your decision: advantage plans vs supplement plans

your decision: advantage plans vs supplement plans
Your decision: advantage plans vs supplement plans

While Medicare Part A and Part B (sometimes referred to as Original Medicare) covers many healthcare expenses, it doesn’t cover everything. Beneficiaries are still responsible for a number of expenses which can easily add up. For example, in addition to various copayments and deductibles, vision and dental care, prescription drugs and overseas emergency health services are not covered.

As a result, most people with Medicare enroll in one of two types of plans to cover these gaps in coverage: These two types of plans are called Medicare Advantage Plans and Medicare Supplement (aka Medigap) plans.

Medicare Advantage Plans offer coverage all of your Medicare services through a private insurance company instead of through government provided Medicare Part A and Part B. When you choose this option, you must still enroll in Medicare Part A and Part B. Then the federal government pays a monthly stipend to your insurance company on your behalf, whether you have medical claims or not. Many Medicare Advantage plans will have a network of contracted providers and facilities. Many Medicare Advantage plans include Part D drug coverage, and then are referred to as MAPD plans (Medicare Advantage Prescription Drug plans).

Medicare Supplement Insurance helps fill the gaps when you decide to stay on regular Medicare Part A and Part B. Your Medicare Supplement (aka Medigap) plan will pay many if not all the costs that the government does not pay such as Medicare Part B excess charges or emergency medical coverage when you’re traveling outside of the country. If you have a Medigap plan, you should also have a stand alone Part D drug plan. Keep in mind that Medicare Supplement insurance plans can only be used to pay for Original Medicare costs and can’t be used with Medicare Advantage plans.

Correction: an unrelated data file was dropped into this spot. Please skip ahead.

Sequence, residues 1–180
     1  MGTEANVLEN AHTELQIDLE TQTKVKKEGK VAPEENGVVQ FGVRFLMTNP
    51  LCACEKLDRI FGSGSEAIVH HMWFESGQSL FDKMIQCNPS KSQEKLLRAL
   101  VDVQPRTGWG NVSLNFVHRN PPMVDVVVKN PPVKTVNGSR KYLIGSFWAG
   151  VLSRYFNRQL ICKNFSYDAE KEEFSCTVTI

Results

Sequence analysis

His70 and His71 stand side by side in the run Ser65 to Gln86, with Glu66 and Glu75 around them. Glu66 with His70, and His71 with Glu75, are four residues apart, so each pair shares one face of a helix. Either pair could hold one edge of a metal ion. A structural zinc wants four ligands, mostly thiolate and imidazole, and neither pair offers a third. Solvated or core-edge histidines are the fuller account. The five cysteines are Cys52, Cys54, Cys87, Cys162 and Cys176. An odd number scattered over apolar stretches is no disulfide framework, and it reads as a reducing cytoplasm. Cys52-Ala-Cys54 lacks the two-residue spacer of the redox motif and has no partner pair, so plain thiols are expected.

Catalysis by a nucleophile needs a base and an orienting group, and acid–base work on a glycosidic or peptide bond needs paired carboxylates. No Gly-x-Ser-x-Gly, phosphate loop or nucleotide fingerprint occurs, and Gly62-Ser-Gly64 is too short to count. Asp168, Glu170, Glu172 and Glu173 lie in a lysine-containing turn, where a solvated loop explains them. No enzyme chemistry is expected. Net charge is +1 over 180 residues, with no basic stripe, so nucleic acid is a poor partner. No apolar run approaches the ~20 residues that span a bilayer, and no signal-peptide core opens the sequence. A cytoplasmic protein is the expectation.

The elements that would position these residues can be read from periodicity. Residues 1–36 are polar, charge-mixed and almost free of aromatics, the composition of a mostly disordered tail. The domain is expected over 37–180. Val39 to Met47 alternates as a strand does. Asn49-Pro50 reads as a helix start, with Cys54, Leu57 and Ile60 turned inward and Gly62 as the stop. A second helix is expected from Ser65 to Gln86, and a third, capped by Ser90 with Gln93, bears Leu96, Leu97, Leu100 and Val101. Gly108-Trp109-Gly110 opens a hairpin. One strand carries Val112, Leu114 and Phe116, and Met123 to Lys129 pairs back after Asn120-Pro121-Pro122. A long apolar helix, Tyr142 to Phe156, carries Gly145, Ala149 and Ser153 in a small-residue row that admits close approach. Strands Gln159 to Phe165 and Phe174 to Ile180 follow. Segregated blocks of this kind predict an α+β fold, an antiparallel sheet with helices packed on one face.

prescription drug coverage

prescription drug coverage
Prescription Drug Coverage

Medicare Part D is a prescription drug plan (PDP) which you buy from a private insurance company that contracts with Medicare. PDP plans have premiums, as well as co-insurance, deductibles, and or copays for medications. The formulary (list of covered drugs) on each PDP is different. When choosing a plan, you want to be sure your prescriptions are on the formulary. This is something you can check yourself on www.Medicare.gov, or a Benafica representative can do this check on your behalf.

If you have Original Medicare (Part A and Part B), Medicare Part D isn’t automatically included and you will need to choose stand-alone Part D plan to work alongside your Original Medicare and your Medicare Supplement.

If you have Medicare Part C, also known as Medicare Advantage, your Part D plan can be bundled in so that you have your Medicare health and prescription drug benefits covered under a single plan.

initial enrollment period

initial enrollment period

Initial Enrollment Period
You can sign up for Medicare over an initial 7-month period. 3 months before your 65th birthday, the month of your birthday, and during the following 3 months. If you miss your enrollment period, you may face a late enrollment penalty.

annual enrollment period

annual enrollment period
Annual Enrollment Period

Each year from October 15th to December 7th, people enrolled on Medicare can revisit the available Medicare plans in their area and decide if a different selection is more suitable for them. Not everyone is eligible to enroll in every available plan. Be sure to talk to a licensed Benafica Medicare representation to understand your options.

let us help

let us help
Let us help

Call 651.259.9000 for Medicare help today or fill out the form on the contact page.